Recognitions: Studies on Men and Problems from the Perspective of the Right by Julius Evola is now available for purchase.
From the foreword, written by John Bruce Leonard:
Recognitions is Evola’s last book. That honor is usually, and in a way justly, accorded to Ride the Tiger, as this was the last book of unitary theme which Evola penned with the intention of publishing as a book. The present work rather has the character of a collection of various essays from Evola’s last years. Nonetheless, it would be a mistake to consider this volume as being but a posthumous assemblage of the author’s minor writings. Evola was alive when this book was published; it was indeed issued as the fifteenth number of a special series from the publishing house Edizioni Mediterranee called Orizzonti dello spirito, a series which Evola himself founded and personally directed almost until his death. The work in every way bears Evola’s imprimatur, and it deserves to be regarded as his final opus — not only for his personal oversight of its arrangement and publication, but also for its quality and its abiding pertinence.
Judging by its tone and its content, it is credible that Evola himself was aware that this should be his final literary effort, that he organized it as his final testament, his last word on the work of a lifetime. With the surety of a master’s hand, he touches on most of the major themes that he made his own in the course of a rich, varied, and productive writing career. From esotericism to his exceptionally even-handed verdicts on modern and classic literary figures; from his investigations into the secret history of Antiquity to his relentlessly trenchant critiques of “current events” in politics and society; from his political Traditionalism to his metaphysical spiritualism, Recognitions is almost as wide-ranging as Evola himself. One emerges from this book as a diver who has delved, without the aid of any equipment, deep into the currents of some life-filled ocean — amazed that he should have seen so much and been carried so profoundly in so brief a time, almost, as it were, in a single breath.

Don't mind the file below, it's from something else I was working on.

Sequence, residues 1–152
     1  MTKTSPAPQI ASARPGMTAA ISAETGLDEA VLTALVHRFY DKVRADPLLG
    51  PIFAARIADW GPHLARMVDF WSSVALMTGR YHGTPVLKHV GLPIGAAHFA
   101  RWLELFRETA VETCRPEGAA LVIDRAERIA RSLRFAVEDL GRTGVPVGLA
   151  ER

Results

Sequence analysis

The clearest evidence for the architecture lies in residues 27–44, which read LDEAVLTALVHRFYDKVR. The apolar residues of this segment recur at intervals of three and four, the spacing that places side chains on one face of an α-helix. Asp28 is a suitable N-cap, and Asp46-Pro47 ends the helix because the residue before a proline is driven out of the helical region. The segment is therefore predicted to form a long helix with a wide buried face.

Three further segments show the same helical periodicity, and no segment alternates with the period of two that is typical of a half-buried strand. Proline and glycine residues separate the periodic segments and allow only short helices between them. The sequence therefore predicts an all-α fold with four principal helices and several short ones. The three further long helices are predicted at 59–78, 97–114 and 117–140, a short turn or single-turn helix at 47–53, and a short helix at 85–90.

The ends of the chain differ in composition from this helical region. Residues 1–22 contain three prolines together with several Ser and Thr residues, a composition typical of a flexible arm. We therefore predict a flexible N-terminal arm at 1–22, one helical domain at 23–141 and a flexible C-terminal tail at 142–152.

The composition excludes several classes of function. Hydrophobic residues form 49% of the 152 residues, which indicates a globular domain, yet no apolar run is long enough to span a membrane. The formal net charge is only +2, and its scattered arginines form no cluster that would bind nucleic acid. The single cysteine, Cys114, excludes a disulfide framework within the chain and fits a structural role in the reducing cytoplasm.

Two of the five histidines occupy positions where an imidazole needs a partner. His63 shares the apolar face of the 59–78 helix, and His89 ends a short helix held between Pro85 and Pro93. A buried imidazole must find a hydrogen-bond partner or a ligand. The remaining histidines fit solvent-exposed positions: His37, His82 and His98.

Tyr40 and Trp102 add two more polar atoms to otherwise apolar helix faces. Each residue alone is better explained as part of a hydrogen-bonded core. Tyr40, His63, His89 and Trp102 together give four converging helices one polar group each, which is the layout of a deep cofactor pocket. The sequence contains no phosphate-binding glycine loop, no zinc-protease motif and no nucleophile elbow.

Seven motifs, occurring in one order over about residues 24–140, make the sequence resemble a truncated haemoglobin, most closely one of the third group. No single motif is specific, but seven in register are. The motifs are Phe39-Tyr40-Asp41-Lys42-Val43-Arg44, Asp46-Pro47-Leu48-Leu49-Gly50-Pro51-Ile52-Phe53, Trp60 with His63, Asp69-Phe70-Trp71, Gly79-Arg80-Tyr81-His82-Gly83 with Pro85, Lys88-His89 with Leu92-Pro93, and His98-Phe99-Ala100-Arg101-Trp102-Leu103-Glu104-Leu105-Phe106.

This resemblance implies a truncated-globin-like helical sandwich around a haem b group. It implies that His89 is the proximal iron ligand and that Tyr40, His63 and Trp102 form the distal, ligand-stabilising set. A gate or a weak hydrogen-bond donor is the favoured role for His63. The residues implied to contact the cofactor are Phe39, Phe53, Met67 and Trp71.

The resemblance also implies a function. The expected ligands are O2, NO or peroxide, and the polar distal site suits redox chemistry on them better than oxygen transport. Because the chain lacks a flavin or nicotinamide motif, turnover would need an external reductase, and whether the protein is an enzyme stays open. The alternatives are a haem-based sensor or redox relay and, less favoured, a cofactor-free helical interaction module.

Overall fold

For this reason, Recognitions makes for an excellent introduction to Evola’s thought. It can profitably be read from front to back as a survey of Evola’s final judgements on any number of present or past philosophical, historical, and spiritual figures and currents; but it can also be browsed at pleasure and according to one’s taste, beginning from those essays which treat of specific “men and problems” in which one is particularly interested. Each essay is naturally self-contained and can be read independently of its context; but at the same time, each essay is the product of Evola’s remarkably integrated and organically interconnected ideas, so that the entire volume, though it be a compilation, nonetheless possesses a decided rhythmic and philosophical integrity. This makes for a certain richness which is unusual in compendia of this kind, and the diligent reader will certainly find that Recognitions bears reading and rereading.
We would like to thank those of you who contributed to our Evola fundraiser.